Discussing upsetting feelings helps, but it's often too scary as a first step. If so, it's important to find other ways to express yourself before feelings fester and multiply. Therapeutic writing can be a good starting point, it's essentially a process to enable you to understand what you feel and think more clearly and objectively in your own time and without pressure - here’s how;
A: Know the difference between a feeling - a thought - and an expression.
Feelings and emotions are physical sensations you experience in your body.
Thoughts happen in your brain, to make sense of what you feel - often this happens unconsciously when you experience confusing or traumatic events that overwhelm you in the moment. An expression (talking writing moving etc) is a way to process feelings that you may have missed to understand yourself better.
B. Know that avoiding your feelings causes problems.
Why? Because your body has limited emotional capacity - so if you avoid processing feelings (by distracting yourself) - then they build up and overwhelm you, eventually distorting your thoughts and breeding anxieties.
They might go from 'it's unfair that person treated me badly' - too 'I must deserve to be treated badly' - or from 'that event was scary' - too 'I'm incapable of anything like that again'. Rather than - 'that persons behaviour isn't acceptable and I didn't deserve it' or 'I may need to practice / get support to learn to do that thing'.
This is especially common when you experience overwhelming events growing up or later in life without support or encouragement. So what can you do instead?
C. Start to notice, name and write your feelings down.
It can be tricky at first, but it's a skill you can learn. If finding the right words is hard - use the emotional vocabulary map below (click on it to enlarge/print). Pause and try to name what you’re feeling and what thoughts connect to it.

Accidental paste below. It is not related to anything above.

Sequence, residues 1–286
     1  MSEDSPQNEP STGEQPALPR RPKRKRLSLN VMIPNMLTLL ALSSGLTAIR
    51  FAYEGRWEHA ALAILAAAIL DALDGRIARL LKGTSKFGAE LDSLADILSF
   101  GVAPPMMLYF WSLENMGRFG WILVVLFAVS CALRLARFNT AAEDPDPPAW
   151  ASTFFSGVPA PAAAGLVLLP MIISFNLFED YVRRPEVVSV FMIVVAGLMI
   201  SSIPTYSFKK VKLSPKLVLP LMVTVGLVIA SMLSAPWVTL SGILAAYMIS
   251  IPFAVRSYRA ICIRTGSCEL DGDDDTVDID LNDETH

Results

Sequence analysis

Phrases like 'I feel sad or frustrated or disappointed because........happened. Or..........happened earlier and I felt anxious, upset or angry because.......' may help as a starter.
Know that there isn’t a ‘right’ way to do it, so start badly and things will become clearer as you go. You might like to try writing a poem or short story - Written Road shows how a client used poetic writing to support a successful therapeutic process. Or for more examples see Writing Therapy.
Tough feelings rarely make sense until you pause to untangle them and expression through writing is one way to do so. The more you do, the better you’ll get to know yourself, the more capacity you'll retain for new experiences - and navigating life will become easier. That doesn't mean life will be easy - just easier than it would if you suppress too much of what you feel : ). You might get a bit emotional but this should pass. If it doesn’t, pause and use the breathing technique here and try again later on.